Vehicle Telematics

Tampering versus non-tampering – how telemetry devices can solve for more efficient fleet management

Telematics is becoming an important aspect of the EV industry as a standard norm/default setting, especially for the commercial segment. Undoubtedly, the software is critical in driving vehicle economics and optimizing fleet operations. Commercial EVs are already taking advantage of this technology, and deploying it for battery and vehicle efficiency. 

However, markets like India are one of the trickiest for telematics to function, given the varied and abrupt road and driver patterns, lack of clearly marked lane systems, and erratic traffic situations amongst others. These scenarios, often inconsistent and unpredictable, make the job of a telemetry device that leads the telematics function complex.

One of these challenges is to assess and deploy when the vehicle or telemetry device tampering occurs. Tampering refers to any interference with the vehicle that can be associated with vehicle or cargo theft, which endangers vehicle safety. A telemetry device is a tracker that can help in this regard, and help relay information back to the cloud if this happens. 

However, given the road and traffic scenarios in India many a time this telemetry device itself gets disrupted just during normal vehicle operations, say driving through a highly rough road or when encountering severe collision. This attached device upon impact, often reports this as a criminal or fraudulent activity, just because it has been configured to do so. While this is a clear case of non-tampering, it may cause an unnecessary vehicle to shut down, and lock the vehicle, adding to the complexity of the tech implementation.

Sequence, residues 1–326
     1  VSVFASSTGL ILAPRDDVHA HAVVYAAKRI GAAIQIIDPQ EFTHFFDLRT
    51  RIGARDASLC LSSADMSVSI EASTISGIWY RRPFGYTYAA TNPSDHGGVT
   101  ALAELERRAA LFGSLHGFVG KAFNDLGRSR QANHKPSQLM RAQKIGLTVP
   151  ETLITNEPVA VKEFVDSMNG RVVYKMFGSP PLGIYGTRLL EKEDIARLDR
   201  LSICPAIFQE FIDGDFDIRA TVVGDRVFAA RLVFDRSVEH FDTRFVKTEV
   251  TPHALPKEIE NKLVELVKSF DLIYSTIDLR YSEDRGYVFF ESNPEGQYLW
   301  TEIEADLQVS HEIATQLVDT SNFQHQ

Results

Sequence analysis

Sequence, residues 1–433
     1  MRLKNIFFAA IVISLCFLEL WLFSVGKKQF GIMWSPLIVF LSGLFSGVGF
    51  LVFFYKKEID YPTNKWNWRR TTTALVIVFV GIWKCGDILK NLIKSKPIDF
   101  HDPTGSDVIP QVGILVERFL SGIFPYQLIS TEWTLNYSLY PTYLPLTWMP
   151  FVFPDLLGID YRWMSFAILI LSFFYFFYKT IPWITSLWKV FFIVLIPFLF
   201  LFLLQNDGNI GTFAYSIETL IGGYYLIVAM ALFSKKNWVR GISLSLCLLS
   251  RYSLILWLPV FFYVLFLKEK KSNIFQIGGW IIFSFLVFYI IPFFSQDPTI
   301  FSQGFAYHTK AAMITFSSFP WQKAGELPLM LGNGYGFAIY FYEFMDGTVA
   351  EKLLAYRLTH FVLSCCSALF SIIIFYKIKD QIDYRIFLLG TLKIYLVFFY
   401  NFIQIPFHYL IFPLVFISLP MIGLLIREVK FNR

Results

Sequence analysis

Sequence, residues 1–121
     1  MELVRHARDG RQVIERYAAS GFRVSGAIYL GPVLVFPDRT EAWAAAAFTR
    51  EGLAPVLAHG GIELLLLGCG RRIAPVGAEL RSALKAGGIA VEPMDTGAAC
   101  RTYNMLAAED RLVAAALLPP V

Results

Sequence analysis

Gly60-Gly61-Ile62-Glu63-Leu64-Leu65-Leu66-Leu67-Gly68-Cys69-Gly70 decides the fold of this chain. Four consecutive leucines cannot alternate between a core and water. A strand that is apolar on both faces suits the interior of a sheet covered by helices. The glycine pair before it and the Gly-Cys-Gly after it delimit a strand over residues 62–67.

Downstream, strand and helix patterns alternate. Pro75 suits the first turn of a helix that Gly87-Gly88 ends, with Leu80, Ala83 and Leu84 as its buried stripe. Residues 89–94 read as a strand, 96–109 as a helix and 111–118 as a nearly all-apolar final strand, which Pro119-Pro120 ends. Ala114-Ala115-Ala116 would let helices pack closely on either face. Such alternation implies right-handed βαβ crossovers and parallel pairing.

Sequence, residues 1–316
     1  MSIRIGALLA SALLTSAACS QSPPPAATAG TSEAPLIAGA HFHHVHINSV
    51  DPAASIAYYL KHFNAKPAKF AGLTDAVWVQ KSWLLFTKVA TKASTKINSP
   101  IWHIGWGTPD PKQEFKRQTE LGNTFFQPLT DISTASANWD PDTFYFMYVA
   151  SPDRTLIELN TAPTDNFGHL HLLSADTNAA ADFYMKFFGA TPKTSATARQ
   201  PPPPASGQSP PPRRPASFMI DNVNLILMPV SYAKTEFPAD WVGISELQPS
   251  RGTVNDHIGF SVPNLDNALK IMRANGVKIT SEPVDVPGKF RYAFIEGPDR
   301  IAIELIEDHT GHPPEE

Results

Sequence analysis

Often in many scenarios, automated sensors provide data, which generalizes the cases and raises an alarm for device or vehicle tampering. While this may be the case in some, there are times when the telemetry device is often disconnected due to collision detections, reckless driving, driving via uneven terrains, over speeding. These may not warrant preventive actions such as triggering alarms or shutting the vehicle. In some cases, the presence of primary and secondary tracking devices can help monitor events to maximize output, whereas the second can act as a backup as the former goes offline. 

These data inaccuracies can be solved by multiple-level checks/ input through the telemetry device 

Inside a commercial EV, a telemetry device is installed at a secure place where its task is to capture all the vehicle data, relay it to a cloud, and then to the vehicle operator/ fleet manager for remote fleet tracking. The device is also a single point of failure, the absence of which one cannot determine the whereabouts of the vehicle or truck during road operations. The device also requires exposure to an open sky, to connect to the cloud, which implies it has to be placed on the vehicle, and not inside it. Given its location, often a metallic enclosure is used like a seal to protect the device from outside wear and tear.